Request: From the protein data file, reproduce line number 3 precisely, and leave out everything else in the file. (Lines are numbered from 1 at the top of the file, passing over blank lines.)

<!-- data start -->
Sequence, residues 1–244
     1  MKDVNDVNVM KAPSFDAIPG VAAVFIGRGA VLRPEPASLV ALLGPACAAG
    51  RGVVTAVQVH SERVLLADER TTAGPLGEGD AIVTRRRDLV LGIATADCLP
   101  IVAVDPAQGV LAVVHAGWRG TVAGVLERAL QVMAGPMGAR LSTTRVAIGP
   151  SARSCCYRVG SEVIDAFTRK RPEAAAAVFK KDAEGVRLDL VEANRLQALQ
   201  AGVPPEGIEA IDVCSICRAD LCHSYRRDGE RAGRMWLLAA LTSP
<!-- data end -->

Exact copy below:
    51  RGVVTAVQVH SERVLLADER TTAGPLGEGD AIVTRRRDLV LGIATADCLP